I did not like this book and resented the time I had to spend in order to finish it! I will try to explain why. As with most, if not all, contributions to the `serial killer' genre it complies with certain conventions; e.g. the world weary cop, the love interest who might `save him from himself', the seedy cast of minor low life characters and, of course, the `whacko' perpetrating the crimes.
It is also characterized by, obviously, painstaking research, much of which is a little too often too conspicuously on show. However, my main gripe is that it is neither that interesting nor that entertaining which are, after all, the main reasons most people begin to read a book in the first place. The prologue goes on forever and the whole thing, rather than building tension in the way that the best of the current exponents of the genre seem capable of doing, it seems to meander along interminably with meeting after meeting during which nothing much gets done or discussed and the same point is made time after time using the same banal dialogue.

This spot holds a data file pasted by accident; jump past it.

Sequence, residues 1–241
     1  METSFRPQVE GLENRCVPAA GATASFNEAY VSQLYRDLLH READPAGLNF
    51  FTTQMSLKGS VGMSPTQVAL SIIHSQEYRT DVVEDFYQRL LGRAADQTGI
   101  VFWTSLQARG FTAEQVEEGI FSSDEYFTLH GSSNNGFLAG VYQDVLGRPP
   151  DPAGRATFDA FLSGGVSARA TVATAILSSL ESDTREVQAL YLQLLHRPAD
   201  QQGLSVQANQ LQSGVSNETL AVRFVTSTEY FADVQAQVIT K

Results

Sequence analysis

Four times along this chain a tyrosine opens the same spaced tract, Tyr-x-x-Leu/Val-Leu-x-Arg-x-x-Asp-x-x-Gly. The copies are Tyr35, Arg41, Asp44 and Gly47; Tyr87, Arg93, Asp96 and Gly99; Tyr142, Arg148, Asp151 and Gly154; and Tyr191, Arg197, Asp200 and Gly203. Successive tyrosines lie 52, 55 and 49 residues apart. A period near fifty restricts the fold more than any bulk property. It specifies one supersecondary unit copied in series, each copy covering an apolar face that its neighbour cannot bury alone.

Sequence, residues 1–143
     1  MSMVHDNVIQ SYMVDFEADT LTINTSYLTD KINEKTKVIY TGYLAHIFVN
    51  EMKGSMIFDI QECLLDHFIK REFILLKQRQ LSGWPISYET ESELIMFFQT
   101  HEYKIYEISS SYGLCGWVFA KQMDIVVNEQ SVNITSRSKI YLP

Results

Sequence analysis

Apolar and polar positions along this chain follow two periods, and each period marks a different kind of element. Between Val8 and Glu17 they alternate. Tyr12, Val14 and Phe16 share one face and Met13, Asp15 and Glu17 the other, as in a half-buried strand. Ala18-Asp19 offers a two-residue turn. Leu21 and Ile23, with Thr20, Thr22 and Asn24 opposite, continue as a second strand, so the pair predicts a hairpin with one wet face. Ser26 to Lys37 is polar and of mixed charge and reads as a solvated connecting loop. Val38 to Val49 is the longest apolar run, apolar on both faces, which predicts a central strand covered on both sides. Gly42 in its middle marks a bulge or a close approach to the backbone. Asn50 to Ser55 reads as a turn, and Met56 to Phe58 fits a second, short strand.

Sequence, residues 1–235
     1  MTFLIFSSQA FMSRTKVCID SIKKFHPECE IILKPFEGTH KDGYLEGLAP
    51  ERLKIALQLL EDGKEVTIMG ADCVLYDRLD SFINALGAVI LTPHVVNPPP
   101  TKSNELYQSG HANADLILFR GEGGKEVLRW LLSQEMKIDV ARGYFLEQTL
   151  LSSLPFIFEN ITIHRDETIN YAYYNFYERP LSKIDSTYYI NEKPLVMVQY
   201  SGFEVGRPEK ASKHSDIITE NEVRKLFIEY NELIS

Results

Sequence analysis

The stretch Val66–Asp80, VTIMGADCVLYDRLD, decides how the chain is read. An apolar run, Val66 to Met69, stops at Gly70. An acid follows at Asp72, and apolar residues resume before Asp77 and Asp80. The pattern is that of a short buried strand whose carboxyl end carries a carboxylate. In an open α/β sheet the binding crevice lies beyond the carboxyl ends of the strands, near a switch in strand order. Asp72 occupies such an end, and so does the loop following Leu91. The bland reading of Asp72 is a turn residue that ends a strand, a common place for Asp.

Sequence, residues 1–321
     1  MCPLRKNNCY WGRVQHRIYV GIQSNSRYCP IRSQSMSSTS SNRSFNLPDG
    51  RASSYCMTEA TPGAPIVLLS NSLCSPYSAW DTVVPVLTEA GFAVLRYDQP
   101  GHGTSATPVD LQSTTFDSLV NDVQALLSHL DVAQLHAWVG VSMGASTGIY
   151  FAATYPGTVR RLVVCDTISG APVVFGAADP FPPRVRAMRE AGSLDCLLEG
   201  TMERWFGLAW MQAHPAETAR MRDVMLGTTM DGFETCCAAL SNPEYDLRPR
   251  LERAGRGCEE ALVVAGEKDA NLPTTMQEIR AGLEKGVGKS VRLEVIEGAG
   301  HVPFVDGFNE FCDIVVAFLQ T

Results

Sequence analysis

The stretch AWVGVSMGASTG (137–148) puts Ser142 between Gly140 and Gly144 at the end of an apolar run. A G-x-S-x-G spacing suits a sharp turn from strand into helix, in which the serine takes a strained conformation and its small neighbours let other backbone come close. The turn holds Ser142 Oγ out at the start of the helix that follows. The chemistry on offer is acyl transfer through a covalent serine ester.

I shan't read another of this author's unless there is definitely nothing else available. But, it's not all doom and gloom; thank God I have a couple of Michael Connelly's and James Lee Burke's waiting on the shelf!
And now we find (03/09/12), he has been lauding to the skies his own books as an Amazon reviewer, under the names of Jelly Bean and Nicodemus Jones, and who knows how many others, whilst slamming those of his rivals. Given the outlandishly hyperbolic nature of most of the early favourable reviews he may have a whole family of alter-egos. Why this hasn't been investigated more widely by Amazon goodness only knows but there is still a great deal of evidence left on various 'reviews'!